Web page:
Standing may be worse than sitting, according to a new Ontario study

Experts sound in on how to strike the right balance

Experts sound in on how to strike the right balance

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Looks like standing may be more problematic to our health than we once thought, according new findings published in the American Journal of Epidemiology. The study, conducted by the Institute of Work and Health found that workers who are required to stand for prolonged periods of time are twice as likely to have heart disease than those workers that predominantly sit.

The lead facilitator of the study, Peter Smith, and a team of researchers followed 7,300 heart disease-free Ontario workers for 12 years (from 2003 to 2015) and compared sitting-to-standing habits to see if and who developed heart disease. Participants of the study responded to the Canadian Community Health Survey (2003), which gathered a range of information such as where people lived, their gender, pre-existing conditions such as diabetes, whether they smoke or drink as well their physical activity outside of work. Respondents had to be working more than 15 hours a week, and hour variations of workers were adjusted accordingly in the findings.

"We wanted to shine a bit of a light on this group of workers that are in a fixed posture, but instead of sitting, which is a bit more comfortable, they have to stand for prolonged periods of time," Smith told CBC Life. "We're talking four, five, six hours during the day."

Smith sees this prolonged standing activity as worrisome since "gravity is working against you" and blood tends to pull on your legs increasing venous tension. This tension can then cause issues when blood is trying to get back up to the heart. So, while prolonged sitting isn't ideal, the study addresses the sizeable portion of the population—10 per cent of the labour market, according to Smith—that stand regularly. Professions like bank tellers, sales clerks and service workers are among this population.

"If you feel like just by standing a little bit more you're reducing the risk of cardiovascular disease, well the evidence at the moment doesn't really support that," explains Smith. "You need to be active in order to reduce your risk of cardiovascular disease and that includes activity both inside of work and outside of work."

Activity outside of work is a central component to the research says Smith. So is "trying to understand how the design of work can lead to long term health consequences." He hopes to change perception and give workers more autonomy over their sitting-to-standing habits and how their body position is during daily tasks. According to Smith we need to "create an environment inside and outside of work so that everyone has the same opportunities to be active."

The study also found prolonged standing affected men and women differently. "Among those sitting-standing-walking occupations we found an increased risk of heart disease among women and a decreased risk among men, which goes to show that it's not just about your activity at work but other dimensions of the work environment," Smith adds.  

Lindsay J. Davey is a registered physiotherapist of 10 years. As the owner of Toronto Physiotherapy, which specializes in orthopaedics, Davey treats patients with posture-related injuries often. Davey notes that neck and shoulder tension as well as carpal tunnel and tendonitis in the shoulder, elbow, wrist or thumb are common work related injuries for desk users or those in computer-based occupations. Standing jobs, in retail or food service for example, see more lower back pain, knee pain and plantar fasciitis. "We see swelling in the lower legs in both types of workers, depending on a host of factors," says Davey.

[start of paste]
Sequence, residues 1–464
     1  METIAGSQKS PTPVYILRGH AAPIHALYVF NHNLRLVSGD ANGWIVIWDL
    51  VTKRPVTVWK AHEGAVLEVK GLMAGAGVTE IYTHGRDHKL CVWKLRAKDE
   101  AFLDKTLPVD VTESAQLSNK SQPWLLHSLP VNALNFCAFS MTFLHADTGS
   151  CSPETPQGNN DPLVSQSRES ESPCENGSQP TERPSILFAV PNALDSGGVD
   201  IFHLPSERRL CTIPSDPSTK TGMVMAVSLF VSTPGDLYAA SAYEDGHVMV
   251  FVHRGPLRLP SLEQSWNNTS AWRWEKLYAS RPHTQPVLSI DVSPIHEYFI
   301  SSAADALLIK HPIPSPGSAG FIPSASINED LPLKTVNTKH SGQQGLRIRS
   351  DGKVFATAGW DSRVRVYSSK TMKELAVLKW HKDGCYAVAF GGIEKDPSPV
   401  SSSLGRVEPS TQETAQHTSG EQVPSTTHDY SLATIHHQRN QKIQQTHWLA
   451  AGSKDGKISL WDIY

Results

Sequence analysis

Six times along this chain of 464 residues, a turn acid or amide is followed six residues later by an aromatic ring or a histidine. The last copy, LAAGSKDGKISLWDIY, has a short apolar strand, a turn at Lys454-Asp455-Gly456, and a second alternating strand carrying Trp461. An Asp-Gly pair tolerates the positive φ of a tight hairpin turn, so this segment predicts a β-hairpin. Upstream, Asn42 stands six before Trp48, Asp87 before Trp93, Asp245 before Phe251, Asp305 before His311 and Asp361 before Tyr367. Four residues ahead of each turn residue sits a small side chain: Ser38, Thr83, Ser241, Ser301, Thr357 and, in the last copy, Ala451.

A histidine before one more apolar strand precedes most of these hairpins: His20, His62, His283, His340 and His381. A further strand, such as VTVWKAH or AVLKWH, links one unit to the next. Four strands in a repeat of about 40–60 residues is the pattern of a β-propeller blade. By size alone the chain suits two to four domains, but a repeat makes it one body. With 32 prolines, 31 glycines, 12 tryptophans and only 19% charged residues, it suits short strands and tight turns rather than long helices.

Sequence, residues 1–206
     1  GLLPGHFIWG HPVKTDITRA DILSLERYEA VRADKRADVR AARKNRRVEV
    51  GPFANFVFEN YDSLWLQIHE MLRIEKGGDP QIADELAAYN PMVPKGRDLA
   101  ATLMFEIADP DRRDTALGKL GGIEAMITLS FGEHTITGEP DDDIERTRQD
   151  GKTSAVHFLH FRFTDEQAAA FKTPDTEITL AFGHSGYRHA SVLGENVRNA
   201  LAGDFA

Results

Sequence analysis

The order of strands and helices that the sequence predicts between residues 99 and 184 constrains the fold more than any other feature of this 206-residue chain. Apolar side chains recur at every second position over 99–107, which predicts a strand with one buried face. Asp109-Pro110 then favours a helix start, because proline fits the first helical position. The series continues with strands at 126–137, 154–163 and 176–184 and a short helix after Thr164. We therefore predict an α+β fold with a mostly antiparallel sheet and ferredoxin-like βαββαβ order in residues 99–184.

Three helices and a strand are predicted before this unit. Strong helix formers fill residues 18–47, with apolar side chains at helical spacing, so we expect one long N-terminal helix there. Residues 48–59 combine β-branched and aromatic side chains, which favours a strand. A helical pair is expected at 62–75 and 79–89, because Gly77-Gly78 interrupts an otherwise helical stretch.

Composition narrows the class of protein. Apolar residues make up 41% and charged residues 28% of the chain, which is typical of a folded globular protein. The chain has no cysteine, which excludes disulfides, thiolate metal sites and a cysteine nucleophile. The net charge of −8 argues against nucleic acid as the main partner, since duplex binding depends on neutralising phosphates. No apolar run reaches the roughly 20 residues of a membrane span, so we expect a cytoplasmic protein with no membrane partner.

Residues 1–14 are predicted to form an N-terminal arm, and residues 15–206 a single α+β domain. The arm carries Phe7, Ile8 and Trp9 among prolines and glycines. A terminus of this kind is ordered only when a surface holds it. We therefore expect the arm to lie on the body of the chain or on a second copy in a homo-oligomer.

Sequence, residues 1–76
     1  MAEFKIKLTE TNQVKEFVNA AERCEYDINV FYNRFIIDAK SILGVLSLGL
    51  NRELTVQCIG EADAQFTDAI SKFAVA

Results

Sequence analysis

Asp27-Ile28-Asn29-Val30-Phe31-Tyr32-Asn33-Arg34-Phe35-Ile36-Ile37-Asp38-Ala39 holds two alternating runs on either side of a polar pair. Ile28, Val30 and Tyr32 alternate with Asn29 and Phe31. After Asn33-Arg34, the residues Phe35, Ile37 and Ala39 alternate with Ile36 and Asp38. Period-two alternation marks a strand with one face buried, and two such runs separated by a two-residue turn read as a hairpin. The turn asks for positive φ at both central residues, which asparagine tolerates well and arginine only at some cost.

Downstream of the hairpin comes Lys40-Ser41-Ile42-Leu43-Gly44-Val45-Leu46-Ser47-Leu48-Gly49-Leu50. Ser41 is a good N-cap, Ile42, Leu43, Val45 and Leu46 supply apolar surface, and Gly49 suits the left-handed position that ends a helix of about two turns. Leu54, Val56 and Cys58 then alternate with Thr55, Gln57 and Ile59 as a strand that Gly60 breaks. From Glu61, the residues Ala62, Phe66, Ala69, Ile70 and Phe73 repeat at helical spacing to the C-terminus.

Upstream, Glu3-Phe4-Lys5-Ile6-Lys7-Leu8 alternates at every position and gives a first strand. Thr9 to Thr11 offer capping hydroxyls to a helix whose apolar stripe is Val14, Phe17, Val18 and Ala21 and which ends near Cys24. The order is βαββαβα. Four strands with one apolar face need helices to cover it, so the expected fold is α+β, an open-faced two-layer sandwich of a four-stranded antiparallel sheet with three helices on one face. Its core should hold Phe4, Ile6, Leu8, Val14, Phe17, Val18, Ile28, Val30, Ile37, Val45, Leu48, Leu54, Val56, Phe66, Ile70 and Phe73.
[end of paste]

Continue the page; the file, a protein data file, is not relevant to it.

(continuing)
"Given that standers can experience venous pooling and sitters can get swelling and symptoms in the lower legs due to poorer circulation and flow with the knees been at 90 degrees, we always recommend ankle pumping and calf raises to mitigate these effects," she adds. "Activating the muscle pumps in the legs is a great way to improve venous return and help reduce the cardiovascular health risks from sedentary/static positions."

Davey, like Smith and his researchers, agrees that mobility in the workplace is central to maintaining optimal function of the circulatory system, preventing blood clots and promoting oxygen delivery to the body's tissues. "Some people find it useful to set a regular alert on their phone or computer for regular breaks in positions," says Davey. "Or they wear a FitBit to stay motivated to get up and move around throughout the day."

"I would argue that an ideal work environment would have position variety built into it so that workers were not in static positions, be it standing or sitting, for extended periods of time," furthers Davey. Environments that adopt standing desks, for example or "prioritize the importance of a chair that is fit to the desk and the user" or having a cushioned mat during standing sessions, can be beneficial adds that, like Smith noted, give the worker autonomy over their body position on the job. And, with the rise of freelance culture and more and more workers behind computers throughout various times of the day and night, autonomy will remain an important consideration in one's work life. Who knows what stresses and injuries will be reported should there be a study of this nature conducted over the next 12 years.

Smith just hopes these findings will prompt people to think about the "stresses and environment associated with work, not just injuries, but the way we work."


Kathryn Kyte is an arts, culture and lifestyle writer based in Toronto. She has previously contributed stories to the Huffington Post, ET Canada and Yahoo. Follow her @loadedlove.